A fatally muddled tone means Been So Long ends up less than the sum of its parts, despite glorious lead performances from Arinzé Kene and Michaela Coel
“People don’t want inclusivity mate, they want exclusivity. And something for the gluten-intolerant”
I really wanted to like Been So Long, and can imagine it having worked well on the stage (it played the Young Vic in 2009) but something has definitely been lost in translation with this screen adaptation here. It is mildly curious as the film is written by Ché Walker, scribe of the original play and the subsequent stage musical, but maybe this was a step too far?
One of the main problems for me is that crucial issue of tone. As a love story set in contemporary Camden, and in which Camden plays a central role, there’s a tendency towards gritty naturalism, particularly in showing the home lives of its protagonists, new ex-con Raymond (Arinzé Kene) and single mum of a disabled daughter Simone (Michaela Coel). Continue reading “Film Review: Been So Long (2018)”
I mean, just look at this absolute treasure trove of theatrical talent!
I’m off to listen to Patsy Ferran read Tom Wells, and Gabby Wong read Alexi Kaye Campbell, and Sarah Niles read Winsome Pinnock and…and…
So many of the recommendations for shows to see next year focus on the West End. And for sure, I’m excited to catch big ticket numbers like All About Eve, Come From Away, and Waitress but I wanted to cast my eye a little further afield, so here’s my top tips for shows on the London fringe (plus one from the Barbican) and across the UK.
1 Medea, Internationaal Theater Amsterdam at the Barbican
Simon Stone’s sleekly contemporary recasting of Euripides is straight up amazing. Anchored by a storming performance from Marieke Heebink, it is as beautiful and brutal as they come. It’s also one of the few plays that has legit made me go ‘oh no’ out loud once a particular penny dropped. My review from 2014 is here but do yourself a favour and don’t read it until you’ve seen it.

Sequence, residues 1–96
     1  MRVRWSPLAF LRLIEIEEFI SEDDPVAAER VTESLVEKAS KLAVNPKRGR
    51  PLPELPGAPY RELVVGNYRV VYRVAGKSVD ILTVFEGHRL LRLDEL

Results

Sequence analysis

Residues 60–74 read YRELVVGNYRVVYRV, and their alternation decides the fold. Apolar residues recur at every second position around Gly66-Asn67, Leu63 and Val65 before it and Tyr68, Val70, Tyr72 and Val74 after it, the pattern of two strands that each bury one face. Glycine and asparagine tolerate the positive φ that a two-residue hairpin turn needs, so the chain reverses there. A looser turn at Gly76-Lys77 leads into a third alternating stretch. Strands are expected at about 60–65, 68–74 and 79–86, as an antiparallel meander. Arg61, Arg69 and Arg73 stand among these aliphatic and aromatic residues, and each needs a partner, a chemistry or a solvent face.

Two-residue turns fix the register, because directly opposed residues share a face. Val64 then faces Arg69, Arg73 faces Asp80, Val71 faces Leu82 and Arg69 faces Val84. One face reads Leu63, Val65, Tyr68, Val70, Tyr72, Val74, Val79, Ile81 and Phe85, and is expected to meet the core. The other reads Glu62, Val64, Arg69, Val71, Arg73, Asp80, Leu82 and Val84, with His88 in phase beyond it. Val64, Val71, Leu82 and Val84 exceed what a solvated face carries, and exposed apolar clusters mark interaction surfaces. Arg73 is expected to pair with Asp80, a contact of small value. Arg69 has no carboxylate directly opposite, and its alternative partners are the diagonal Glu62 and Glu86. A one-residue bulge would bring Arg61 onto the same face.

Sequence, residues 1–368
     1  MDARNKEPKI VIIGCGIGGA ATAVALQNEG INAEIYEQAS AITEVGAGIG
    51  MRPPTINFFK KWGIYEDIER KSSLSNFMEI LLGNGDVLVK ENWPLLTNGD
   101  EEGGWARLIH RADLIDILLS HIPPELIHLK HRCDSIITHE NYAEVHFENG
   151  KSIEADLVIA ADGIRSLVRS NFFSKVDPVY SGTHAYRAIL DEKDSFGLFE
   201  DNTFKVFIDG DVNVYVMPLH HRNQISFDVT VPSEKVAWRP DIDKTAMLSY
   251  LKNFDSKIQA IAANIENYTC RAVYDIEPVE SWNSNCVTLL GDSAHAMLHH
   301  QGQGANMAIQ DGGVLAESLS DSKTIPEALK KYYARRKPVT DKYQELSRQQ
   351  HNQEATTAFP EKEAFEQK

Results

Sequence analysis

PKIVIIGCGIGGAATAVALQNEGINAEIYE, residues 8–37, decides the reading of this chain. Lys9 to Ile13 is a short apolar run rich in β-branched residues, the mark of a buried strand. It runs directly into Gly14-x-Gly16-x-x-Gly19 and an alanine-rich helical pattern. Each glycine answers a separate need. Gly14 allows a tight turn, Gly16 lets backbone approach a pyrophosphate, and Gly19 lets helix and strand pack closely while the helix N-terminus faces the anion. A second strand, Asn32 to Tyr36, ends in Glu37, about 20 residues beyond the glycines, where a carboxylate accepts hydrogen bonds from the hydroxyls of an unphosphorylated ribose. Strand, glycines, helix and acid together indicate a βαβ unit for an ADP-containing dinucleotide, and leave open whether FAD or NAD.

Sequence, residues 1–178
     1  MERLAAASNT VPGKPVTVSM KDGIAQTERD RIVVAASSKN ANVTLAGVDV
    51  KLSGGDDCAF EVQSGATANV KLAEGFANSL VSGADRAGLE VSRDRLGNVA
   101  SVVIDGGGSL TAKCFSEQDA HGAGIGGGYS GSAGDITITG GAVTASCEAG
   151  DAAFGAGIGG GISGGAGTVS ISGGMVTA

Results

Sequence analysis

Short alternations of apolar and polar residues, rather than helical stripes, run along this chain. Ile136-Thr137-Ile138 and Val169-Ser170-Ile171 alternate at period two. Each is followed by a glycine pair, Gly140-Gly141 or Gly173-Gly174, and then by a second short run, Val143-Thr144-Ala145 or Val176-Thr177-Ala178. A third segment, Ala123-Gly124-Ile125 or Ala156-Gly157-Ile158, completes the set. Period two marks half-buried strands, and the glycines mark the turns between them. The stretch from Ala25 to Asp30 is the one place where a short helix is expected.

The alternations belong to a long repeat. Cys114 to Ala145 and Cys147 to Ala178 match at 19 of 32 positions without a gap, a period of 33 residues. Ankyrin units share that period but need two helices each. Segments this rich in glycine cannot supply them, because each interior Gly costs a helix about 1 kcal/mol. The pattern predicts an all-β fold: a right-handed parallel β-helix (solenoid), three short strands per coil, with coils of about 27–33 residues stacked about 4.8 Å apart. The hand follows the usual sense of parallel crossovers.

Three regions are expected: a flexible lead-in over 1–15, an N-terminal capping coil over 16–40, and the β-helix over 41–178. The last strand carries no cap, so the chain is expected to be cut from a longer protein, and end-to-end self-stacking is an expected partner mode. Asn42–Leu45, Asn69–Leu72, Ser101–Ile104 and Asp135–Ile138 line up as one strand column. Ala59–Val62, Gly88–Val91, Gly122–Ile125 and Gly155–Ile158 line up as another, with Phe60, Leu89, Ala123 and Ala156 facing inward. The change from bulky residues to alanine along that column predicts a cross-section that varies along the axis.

2 Macbeth, Watermill Theatre
2018 saw some disappointing Macbeths and I was thus ready to swear off the play for 2019. But the Watermill Ensemble’s decision to tackle the play will certainly break that resolve, Paul Hart’s innovative direction of this spectacular actor-musician team will surely break the hoodoo…
3 Noughts and Crosses, Derby Theatre, and touring
Pilot Theatre follow on from their strong Brighton Rock with this Malory Blackman adaptation by Sabrina Mahfouz, a Young Adult story but one which promises to speak to us all. Continue reading “20 shows to look forward to in 2019”
“I can’t believe my own sister would come with this thievery and anarchy to my door…”
Just a couple of weeks ago, Matt Trueman penned a piece for What’s On Stage about the lack of experimentation in British musical theatre and so the arrival of The Etienne Sisters at the Theatre Royal Stratford East is right on cue. Renewing the creative partnership that produced last year’s smouldering Klook’s Last Stand, this new musical was written by Ché Walker with songs by Anoushka Lucas and additional songs contributed by Sheila Atim (who also starred in Klook’s…), it’s a fascinatingly freeform experiment in jazz virtuosity and soulful discovery.